Western Psychotherapy: An Introductory Overview - Whither the Yin and the Yang? Kevin Baker Baker describes the development of modern Western psychotherapy, and Core Process Psychotherapy (CPP), which integrates eastern spiritual traditions with psychotherapy. From this psycho-spiritual perspective, patterns within one's life situations, as well as deeper existential issues including impermanence, insubstantiality and the truth of suffering are explored. The qualities of the therapist are also discussed.
The Hurts, the Angst, the Blues: The Tangle of Pain, Emotion and Psychopathology David Mayor In this second article on chronic pain and its measurement (the first was published in EJOM Vol 2, No 4), Mayor provides a thorough literature analysis about the complex inter-relationships between pain, anxiety and depression. He discusses which comes first - pain or anxiety. He also explores how the emotional state of a patient relates to the task of pain prevention, particularly in regard to chronic pain sufferers.
Making Use of Acupuncture - A Psychotherapist's View Pauline Lucas This short article by an acupuncture client, who is a psychotherapist, describes her experience of using acupuncture. She found that TCM explanations complemented her own body-mind understanding and compared how psychotherapy opened up suppressed feelings while acupuncture similarly opened up blocked energy channels. This was effective both for the patient's physical and emotional well-being.
Grasping the Nettle: A Response to Reports of Adverse Events from Acupuncture Hugh MacPherson and Alison Gould The authors have drawn from reviews of the literature reports of adverse events, in particular Rampes and James (1995), Norheim (1996), Rosted (1996), Bensoussan and Myers (1996), and Ernst and White (1997) and have ascertained there are four main categories of adverse events: trauma, cross infection, physiological responses such as fainting or allergic reactions, and clinical misjudgement such as inappropriate removal of drug treatment or failure to refer. Based on their research findings, the authors estimate that the risks associated with acupuncture are very small compared to orthodox interventions. This conclusion is supported by a recent report from the USA National Institutes of Health (1997), which states 'one of the advantages of acupuncture is that the incidence of adverse effects is substantially lower than that of many drugs or other accepted procedures for the same condition.'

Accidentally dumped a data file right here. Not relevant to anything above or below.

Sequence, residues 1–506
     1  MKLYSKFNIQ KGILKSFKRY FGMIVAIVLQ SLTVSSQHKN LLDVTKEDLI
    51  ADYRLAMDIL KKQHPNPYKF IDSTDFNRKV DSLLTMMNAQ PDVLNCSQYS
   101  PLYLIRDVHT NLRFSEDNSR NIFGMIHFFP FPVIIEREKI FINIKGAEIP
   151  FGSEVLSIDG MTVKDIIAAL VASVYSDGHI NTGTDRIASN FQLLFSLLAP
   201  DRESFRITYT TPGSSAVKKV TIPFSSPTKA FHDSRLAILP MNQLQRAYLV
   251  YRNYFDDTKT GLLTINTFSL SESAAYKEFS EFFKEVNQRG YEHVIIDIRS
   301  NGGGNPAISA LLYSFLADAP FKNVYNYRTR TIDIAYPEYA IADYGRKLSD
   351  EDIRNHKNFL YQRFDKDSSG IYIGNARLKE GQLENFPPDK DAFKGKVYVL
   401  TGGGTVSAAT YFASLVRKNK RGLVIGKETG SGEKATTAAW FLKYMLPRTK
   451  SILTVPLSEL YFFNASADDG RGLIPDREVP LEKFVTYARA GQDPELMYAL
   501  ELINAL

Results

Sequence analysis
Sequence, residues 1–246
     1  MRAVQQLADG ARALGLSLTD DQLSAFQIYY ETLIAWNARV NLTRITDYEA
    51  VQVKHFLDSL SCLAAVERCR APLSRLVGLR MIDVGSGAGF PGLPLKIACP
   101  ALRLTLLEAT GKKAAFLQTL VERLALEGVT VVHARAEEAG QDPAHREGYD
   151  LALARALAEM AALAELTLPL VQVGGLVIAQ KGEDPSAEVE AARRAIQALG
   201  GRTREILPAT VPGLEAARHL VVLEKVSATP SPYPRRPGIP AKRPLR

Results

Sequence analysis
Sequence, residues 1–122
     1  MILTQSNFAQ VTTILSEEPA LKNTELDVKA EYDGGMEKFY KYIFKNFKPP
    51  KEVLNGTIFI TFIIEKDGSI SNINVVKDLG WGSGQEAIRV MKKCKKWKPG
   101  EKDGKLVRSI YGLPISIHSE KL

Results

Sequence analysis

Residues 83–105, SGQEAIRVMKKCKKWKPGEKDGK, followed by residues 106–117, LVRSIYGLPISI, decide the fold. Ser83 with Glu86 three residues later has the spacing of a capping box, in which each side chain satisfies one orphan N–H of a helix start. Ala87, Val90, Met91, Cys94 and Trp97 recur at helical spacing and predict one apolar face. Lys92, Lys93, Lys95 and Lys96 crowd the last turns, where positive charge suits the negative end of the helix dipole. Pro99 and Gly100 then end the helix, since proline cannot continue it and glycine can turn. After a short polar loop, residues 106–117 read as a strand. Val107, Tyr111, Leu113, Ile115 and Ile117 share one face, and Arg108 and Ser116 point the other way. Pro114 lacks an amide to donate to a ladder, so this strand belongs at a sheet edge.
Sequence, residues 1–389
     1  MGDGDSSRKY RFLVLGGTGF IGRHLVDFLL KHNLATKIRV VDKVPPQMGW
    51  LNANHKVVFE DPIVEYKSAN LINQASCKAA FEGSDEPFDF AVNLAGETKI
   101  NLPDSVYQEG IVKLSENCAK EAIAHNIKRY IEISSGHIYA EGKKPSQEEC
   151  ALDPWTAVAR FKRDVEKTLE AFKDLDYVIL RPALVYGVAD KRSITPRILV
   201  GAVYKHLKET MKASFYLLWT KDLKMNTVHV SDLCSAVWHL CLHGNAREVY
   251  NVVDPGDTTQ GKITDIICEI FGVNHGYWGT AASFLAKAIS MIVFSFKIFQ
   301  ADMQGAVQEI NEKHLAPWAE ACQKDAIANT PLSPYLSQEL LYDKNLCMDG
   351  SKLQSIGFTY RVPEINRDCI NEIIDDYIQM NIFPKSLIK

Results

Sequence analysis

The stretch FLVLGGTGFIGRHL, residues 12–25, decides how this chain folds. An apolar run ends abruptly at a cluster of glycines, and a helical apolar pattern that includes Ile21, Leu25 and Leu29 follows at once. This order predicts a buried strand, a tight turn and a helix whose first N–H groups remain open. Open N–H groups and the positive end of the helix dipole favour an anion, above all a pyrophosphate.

Give Me That Old Time Religion, It's Good Enough for Me Peter Mole In this article, Peter Mole discusses the internal causes of disease and explains how he feels that they have been marginalised in TCM, which tends to focus on the external causes of disease. The article also addresses how the practitioner/patient dialogue can affect patients' expectations and experience of acupuncture treatment.
Psyche and Substance Ken Lloyd Using a case history, the author shows how the patient's psyche can be helped with TCM; that even though the patient's psyche may be in a complicated state, it is in the understanding of yin, yang, qi, xue, jinye, i.e. 'substance', that TCM operates most effectively. Read the whole article
Life after Death: The Impact of Bereavement on the Elderly Patient Karen Simporis This short article looks at the various effects of bereavement on the body's qi of elderly people. As well as the commonly known effect on the lung qi due to grief, the liver energy may become stagnant as a result of anger, for example, or the kidney qi depleted due to fear.
What is the Meridian System Encoding? (Part 3) Phillip Beach Continuing on from his previous two articles, Phillip Beach analyses the Heart, Small Intestine, Bladder, Kidney, Pericardium, Sanjiao, Gall Bladder and Liver channels. He looks at how needling patterns affect the shape of disease, and at how acupuncture works on internal organs.
Ladder of the Soul: Ted Kaptchuk Seminar (December 1997; York, UK) Charles Buck The author reviews Ted Kaptchuk's seminar that described his interpretation of the shen of the five zang, and his idea of medicine without form. This was described by a famous herbalist who said: 'in the most direct form of healing, the patient feels better before they have taken the medicine’.